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Rights of agricultural tenants

By Balita | April 2, 2011 0 Comment

Q. Hi Attorney, I want to ask you about my family’s right over a tenanted


agricultural land back home. My father was a farmer. He passed away in 1986 and
since then our eldest brother took his place and did the work at the farm until
now.

My father was a tenant farmer. My mother is still alive. Can you please tell us
about the present Agrarian law as my mother is claiming her legal right over the
tenanted property in case the owner sells it? Our eldest brother works hard at the
farm and shouldering all the expenses and he’s the only one in our family who
deals with the owner of the farm.

Now, my mother and brother are in a war path. My mother wants an equal share
when the farm will be sold by the owner. My mother didn’t contribute anything to
the farm and all expenses and farm inputs were shouldered by my brother all
those years. He really worked so hard in the farm.

Please give us some advice. I don’t want my family to fight over this matter.
Particularly about money. Perhaps if you can just explain what the law says on the
matter, I’m sure our family will be glad to follow what the law says. Thank you so
much and more power! Victoria.

Ans:
By way of background, kindly take notice that as a rule, when tenancy is
established, the sale or conveyance of the property which is being the subject of
the tenancy is not extinguished. This is so because the tenant enjoys security of
tenure over the tenanted land. Such relationship can only be extinguished or
terminated by the tenant personally or for having abandoned the property being
tilled and/or gross violation of the terms of the tenancy and the law it. Should
there’ll be a sale; the new owner has to respect the existing tenancy. ( Sec.12 –RA
3844, See also Share Tenancy Act- RA 1199 ).

Under Section 9 of the Republic Act 3844 (The Agricultural Land Reform Code )
the death or permanent incapacity of an agricultural tenant/lessee( which is your
deceased father ) did not extinguished the tenancy. Under such circumstance, the
owner of the agricultural land shall within one month form such death or
permanent incapacity , have the right to choose the replacement of the
tenant/lessee from the amongst the qualified persons as provided for by law.

The qualified persons are to be chosen from the heirs of the deceased tenant, in
the following order, to wit: a) The surviving spouse; b) the eldest direct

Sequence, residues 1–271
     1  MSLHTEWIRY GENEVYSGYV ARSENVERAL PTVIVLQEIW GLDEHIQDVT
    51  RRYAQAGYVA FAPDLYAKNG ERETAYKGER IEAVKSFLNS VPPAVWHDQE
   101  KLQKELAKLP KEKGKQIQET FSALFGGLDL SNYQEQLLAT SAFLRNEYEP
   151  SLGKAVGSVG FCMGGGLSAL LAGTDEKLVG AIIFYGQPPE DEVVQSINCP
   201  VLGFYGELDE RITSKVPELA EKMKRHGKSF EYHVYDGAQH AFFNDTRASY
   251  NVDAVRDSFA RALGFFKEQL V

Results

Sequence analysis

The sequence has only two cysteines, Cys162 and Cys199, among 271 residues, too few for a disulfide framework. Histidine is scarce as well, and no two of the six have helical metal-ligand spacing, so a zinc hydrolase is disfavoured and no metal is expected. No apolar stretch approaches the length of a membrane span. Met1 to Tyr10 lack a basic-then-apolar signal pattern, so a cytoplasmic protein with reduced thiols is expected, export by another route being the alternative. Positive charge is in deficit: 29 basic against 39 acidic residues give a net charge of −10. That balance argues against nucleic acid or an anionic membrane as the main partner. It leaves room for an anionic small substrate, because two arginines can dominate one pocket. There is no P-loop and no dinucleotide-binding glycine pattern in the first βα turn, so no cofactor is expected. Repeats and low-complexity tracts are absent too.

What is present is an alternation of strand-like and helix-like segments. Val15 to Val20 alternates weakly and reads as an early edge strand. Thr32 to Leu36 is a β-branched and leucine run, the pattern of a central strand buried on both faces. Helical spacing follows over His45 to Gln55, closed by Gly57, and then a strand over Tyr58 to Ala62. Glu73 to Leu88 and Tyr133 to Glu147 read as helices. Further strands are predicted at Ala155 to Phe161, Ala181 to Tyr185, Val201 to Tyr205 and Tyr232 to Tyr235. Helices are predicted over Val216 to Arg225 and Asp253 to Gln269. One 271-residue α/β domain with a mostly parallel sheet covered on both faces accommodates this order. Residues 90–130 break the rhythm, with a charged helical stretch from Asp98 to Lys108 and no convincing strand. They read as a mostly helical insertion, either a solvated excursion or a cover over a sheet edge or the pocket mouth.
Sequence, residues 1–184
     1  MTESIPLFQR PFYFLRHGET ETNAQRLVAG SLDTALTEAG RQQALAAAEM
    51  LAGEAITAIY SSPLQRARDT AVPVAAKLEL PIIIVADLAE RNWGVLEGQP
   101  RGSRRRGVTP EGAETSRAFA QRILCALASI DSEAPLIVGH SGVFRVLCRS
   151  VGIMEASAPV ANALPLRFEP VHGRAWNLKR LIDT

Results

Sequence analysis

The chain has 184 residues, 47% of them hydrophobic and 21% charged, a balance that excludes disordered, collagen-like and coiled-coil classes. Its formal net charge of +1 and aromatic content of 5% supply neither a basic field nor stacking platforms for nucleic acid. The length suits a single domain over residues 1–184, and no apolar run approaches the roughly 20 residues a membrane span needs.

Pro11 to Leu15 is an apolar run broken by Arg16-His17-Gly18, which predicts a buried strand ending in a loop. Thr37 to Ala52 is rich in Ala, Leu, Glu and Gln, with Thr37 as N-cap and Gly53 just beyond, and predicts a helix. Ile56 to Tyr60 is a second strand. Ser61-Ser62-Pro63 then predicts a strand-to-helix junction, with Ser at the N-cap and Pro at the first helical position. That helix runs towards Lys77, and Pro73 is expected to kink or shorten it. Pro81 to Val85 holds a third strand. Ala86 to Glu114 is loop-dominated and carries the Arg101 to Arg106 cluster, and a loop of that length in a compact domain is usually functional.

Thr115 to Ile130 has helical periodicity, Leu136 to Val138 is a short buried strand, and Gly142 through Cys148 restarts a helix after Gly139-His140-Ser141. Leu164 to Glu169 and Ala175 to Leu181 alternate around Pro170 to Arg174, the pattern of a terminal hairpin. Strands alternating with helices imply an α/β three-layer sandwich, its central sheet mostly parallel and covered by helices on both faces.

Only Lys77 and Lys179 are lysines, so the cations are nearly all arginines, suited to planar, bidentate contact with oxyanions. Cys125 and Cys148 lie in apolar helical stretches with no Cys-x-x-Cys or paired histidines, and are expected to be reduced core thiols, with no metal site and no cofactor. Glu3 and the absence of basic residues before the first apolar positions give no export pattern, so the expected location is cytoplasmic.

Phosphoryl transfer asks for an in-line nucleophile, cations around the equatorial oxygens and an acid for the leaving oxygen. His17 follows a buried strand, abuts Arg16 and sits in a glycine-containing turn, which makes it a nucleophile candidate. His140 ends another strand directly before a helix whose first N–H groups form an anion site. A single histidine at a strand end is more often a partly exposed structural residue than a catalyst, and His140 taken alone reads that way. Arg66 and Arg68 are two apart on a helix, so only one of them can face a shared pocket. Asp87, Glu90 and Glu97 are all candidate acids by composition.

descendant by consanguinity(by blood); or the next eldest descendant or
descendants in the order of their age.

From the facts you have mentioned, it appears that upon the death of your
father, your brother immediately succeeded your father in cultivating the land,
without the objection of the landowner. This could imply that the land owner,
chose your brother over your mother(the surviving spouse) to till the land and to
succeed your father. This imprimatur is also made evident by the fact that it is
only your brother who deals with the landowner since 1986 up to the present.
Moreover, the law also requires that whoever tills the land a tenant or
agricultural lessee including the successor of the deceased, MUST PERSONALLY
CULTIVATE THE LAND. Now, there is no showing that your mother personally
cultivated the land and as such she is deemed disqualified as a “tenant” under the
ambit and scope of the law.

Your mother’s view that she wants a share of the property in case it is sold is
misplaced. As mentioned earlier, the sale and conveyance of the property does
not extinguished the tenancy. And considering that the tenancy still exist what is
there to be claimed? If at all, the right of your mother over the tenanted property
is only the order of priority in case of death or permanent incapacity of the tenant
tiller/cultivator.

However, as mentioned above, this right is not absolute, as the law requires that
whoever succeeds the tenant from amongst the heirs , MUST PERSONALLY
CULTIVATE THE LAND as chosen by the landowner.

In view of the foregoing, it is my view that the claim of your mother is not
tenable. Thank you for writing and best regards.